However, the soul of the Embankment Building remains its residents: They are the ones who bear witness to China’s past. In such a diverse community, the tension between local and national identity, between new home and old, is always visible — and is clearly captured by Kim’s camera. It’s a perfect sample of Shanghai’s cosmopolitanism.

Here are their stories.

Courtesy of Kim Ye

Courtesy of Kim Ye

Granny Jiang is E.B.’s longest-term resident currently. She was born in Zhabei (located in what is now the northern edge of Shanghai’s Jing’an District) in 1939. When she was 5 years old, she came to live in the E.B. with her mother, who was working as a nanny for a British family residing in the building.

She witnessed the Japanese surrender in 1945 and the Communist Party liberating Shanghai four years later. She still remembers how the area around the E.B. became embroiled in one of the last fierce battles in Shanghai. Today, Granny Jiang is famous in the building for being an expert card player. Hosting card games and knitting sweaters are her main hobbies.

Courtesy of Kim Ye

Courtesy of Kim Ye

Lucy and her boyfriend Yam are both music teachers. They have lived in E.B. for six years. She’s from the U.K. and he’s from the Philippines, but they met in Shanghai. 

The couple teach music to international school students and play in local concerts. Their relationship could be described by the Chinese idiom qin se he ming — a term referring to a harmonious union. This photograph was taken on their 12th anniversary.

Courtesy of Kim Ye

Courtesy of Kim Ye

Julius is a designer from Hong Kong. He has lived in the E.B. for seven years, but has moved apartments three times during that time. He never used to feel that Shanghai was home, and would fly back to Hong Kong every weekend. But since the COVID-19 pandemic began, he has started to think that Shanghai may become his permanent home. Like his cat Milou, Julius stays up late and gets up late. 

Courtesy of Kim Ye

Courtesy of Kim Ye

Uncle Li was born in Shanghai’s Hongkou District in 1935, graduated from the local Jiaotong University, and moved into the E.B. in 1965. At first, he shared an apartment with its original resident, who was also his colleague. But in the late 1990s, he was able to buy an entire apartment in the building from three other families.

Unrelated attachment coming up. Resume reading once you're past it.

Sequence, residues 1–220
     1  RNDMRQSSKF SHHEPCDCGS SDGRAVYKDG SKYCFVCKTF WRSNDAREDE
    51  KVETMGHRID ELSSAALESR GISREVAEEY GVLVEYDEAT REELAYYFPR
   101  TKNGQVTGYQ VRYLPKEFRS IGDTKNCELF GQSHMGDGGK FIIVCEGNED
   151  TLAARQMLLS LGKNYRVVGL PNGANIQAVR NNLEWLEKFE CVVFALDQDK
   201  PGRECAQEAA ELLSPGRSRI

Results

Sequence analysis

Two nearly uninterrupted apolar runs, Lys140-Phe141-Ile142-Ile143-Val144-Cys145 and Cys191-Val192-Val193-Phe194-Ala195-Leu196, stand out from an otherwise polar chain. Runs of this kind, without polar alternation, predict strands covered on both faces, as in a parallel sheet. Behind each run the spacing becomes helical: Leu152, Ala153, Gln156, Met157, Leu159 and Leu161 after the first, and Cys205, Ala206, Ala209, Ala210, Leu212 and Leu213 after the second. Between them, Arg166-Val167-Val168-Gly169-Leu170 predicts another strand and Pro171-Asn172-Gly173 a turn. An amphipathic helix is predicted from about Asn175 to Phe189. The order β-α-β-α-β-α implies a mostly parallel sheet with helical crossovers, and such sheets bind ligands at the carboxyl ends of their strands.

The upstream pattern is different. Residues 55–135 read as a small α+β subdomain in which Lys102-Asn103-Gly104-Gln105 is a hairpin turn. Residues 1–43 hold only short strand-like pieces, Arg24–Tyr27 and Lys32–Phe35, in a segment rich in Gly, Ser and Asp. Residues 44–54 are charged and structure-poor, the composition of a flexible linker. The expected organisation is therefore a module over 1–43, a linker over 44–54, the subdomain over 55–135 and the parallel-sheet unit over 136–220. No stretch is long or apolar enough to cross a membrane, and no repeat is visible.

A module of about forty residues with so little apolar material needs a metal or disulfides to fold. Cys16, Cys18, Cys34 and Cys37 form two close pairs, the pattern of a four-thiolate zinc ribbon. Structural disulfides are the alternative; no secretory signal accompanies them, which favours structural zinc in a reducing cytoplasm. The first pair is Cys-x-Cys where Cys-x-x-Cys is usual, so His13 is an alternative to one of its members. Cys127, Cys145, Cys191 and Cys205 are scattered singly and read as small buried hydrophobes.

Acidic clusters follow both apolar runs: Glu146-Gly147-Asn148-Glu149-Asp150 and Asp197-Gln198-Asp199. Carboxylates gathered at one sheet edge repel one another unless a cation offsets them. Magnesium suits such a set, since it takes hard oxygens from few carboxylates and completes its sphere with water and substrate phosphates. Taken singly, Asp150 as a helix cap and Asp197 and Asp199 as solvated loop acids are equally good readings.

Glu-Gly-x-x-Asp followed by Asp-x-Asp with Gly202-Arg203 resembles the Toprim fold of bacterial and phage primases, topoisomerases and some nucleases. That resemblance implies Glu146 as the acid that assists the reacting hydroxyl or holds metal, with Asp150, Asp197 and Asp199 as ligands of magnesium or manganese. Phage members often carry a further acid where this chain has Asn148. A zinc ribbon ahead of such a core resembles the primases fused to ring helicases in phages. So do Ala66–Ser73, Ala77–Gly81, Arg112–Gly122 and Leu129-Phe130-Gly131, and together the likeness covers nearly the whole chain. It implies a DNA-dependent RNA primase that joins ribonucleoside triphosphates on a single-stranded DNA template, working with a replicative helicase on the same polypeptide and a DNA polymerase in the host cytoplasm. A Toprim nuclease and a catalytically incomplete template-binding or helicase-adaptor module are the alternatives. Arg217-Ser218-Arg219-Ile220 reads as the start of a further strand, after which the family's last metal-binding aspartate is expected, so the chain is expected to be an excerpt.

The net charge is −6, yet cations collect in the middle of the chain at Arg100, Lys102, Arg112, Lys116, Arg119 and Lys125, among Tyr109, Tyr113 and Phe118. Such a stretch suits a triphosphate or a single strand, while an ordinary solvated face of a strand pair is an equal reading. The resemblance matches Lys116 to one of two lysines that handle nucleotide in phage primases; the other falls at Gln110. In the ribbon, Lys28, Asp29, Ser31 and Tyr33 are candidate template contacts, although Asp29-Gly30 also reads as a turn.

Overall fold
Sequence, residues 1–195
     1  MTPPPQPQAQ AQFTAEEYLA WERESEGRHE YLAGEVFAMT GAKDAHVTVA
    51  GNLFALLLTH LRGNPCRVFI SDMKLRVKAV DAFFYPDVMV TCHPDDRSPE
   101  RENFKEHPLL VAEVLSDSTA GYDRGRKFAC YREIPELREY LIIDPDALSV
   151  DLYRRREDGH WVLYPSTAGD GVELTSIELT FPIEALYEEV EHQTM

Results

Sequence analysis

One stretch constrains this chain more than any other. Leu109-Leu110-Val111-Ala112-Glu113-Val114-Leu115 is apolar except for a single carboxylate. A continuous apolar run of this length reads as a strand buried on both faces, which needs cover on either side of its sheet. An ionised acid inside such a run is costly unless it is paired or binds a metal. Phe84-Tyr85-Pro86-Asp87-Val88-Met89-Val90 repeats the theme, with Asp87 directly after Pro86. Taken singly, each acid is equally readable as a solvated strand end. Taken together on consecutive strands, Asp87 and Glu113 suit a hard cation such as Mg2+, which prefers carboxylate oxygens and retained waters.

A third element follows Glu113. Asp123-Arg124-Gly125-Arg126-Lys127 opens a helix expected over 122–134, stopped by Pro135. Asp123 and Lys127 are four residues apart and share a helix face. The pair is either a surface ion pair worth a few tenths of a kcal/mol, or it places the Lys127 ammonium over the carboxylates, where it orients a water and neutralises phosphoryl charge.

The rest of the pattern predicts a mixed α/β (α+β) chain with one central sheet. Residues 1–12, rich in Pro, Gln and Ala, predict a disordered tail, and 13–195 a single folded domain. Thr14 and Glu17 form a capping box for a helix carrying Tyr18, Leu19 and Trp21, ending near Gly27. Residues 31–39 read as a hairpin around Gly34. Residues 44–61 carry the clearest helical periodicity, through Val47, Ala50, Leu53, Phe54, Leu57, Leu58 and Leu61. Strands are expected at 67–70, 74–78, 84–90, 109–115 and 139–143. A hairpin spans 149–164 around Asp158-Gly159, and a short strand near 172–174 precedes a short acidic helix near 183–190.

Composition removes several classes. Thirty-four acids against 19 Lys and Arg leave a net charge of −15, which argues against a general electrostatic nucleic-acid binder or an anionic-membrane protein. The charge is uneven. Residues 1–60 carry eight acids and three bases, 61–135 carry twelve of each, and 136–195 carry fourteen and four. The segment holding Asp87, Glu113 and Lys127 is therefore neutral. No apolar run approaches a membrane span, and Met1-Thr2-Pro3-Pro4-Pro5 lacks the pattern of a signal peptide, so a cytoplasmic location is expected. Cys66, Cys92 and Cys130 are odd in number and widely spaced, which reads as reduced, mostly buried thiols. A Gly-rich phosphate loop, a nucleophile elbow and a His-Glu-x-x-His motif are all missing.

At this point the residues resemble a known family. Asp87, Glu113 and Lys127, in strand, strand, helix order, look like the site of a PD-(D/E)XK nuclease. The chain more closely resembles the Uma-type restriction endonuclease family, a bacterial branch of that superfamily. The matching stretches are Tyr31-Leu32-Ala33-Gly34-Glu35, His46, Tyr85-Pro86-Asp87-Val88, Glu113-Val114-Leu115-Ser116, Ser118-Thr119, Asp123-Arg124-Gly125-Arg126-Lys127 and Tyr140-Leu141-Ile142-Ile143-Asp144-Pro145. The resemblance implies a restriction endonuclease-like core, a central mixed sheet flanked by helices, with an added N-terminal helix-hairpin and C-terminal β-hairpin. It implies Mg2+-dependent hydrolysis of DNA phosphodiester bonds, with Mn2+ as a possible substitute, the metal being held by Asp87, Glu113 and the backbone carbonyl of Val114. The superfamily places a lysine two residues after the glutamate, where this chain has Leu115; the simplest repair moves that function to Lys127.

With two sons who have settled in Canada and Hong Kong, Uncle Li feels proud of his success in life. These days, he tries to keep up with the times. He’s a regular user of digital devices, makes payments using the social app WeChat, and does his shopping and reads the news on his smartphone.

Courtesy of Kim Ye

Courtesy of Kim Ye

Fon, a Thai-American teacher, spent the National Day holiday in Shanghai one year. During her trip, she bumped into Adam, a researcher focusing on historical buildings and sites in Shanghai, in the E.B. After chatting, the pair realized they had been schoolmates at the same university in the United States.

That was where their journey of love started. They now live together in the E.B. in an apartment decorated in 1930s Chinoiserie style, and have made many new friends in the building.

Courtesy of Kim Ye

Courtesy of Kim Ye

Yuanyuan and her husband are a millennial couple who moved into the E.B. after getting married six years ago. They’re both designers, and provided professional advice to their neighbors during the building’s renovation works in 2021.

Courtesy of Kim Ye

Courtesy of Kim Ye

Anna, originally from New Zealand but a resident of Shanghai for over a decade, moved into the E.B. with her husband in 2018. However, he has been stranded in Hong Kong throughout the COVID-19 pandemic. The couple loves collecting antiques, and their apartment resembles a museum. Her husband’s family are Scottish and Malay-Chinese, but he grew up in Hong Kong.

Courtesy of Kim Ye

Courtesy of Kim Ye

Odet, who is originally from Spain, has lived in the E.B. for 11 years. She deeply values the history and architecture of Hongkou, the district where the E.B. is located.

Like her father, a film producer in Spain, Odet has become a producer and historian. She has made many videos about the history of Shanghai and China. She also gives regular lectures to Chinese and international college students, teaching them how to tell historical stories through film.

Courtesy of Kim Ye

Courtesy of Kim Ye

Chris, from the U.K, first came to Shanghai on a student exchange to Fudan University in the 1980s. His partner, Sam, is a child of Swedish and Italian parents, who spent her childhood moving from country to country. 

The pair met in Hong Kong, before eventually settling in Shanghai. They have lived in the E.B. for 15 years. Sam works as a psychologist and conflict management specialist, while Chris is a risk analyst.

Chen Zhongwei is a researcher and writer whose work focuses on the history of Shanghai. A previous version of this article used as the preface for the “E.B. Portraits” exhibition was edited by Rawinrag Klinpinij.

Editors: Ding Yining and Dominic Morgan.

(Header image: A portrait of Granny Jiang, a resident of the Embankment Building, from the series “E.B. Portraits,” 2021. Courtesy of Kim Ye)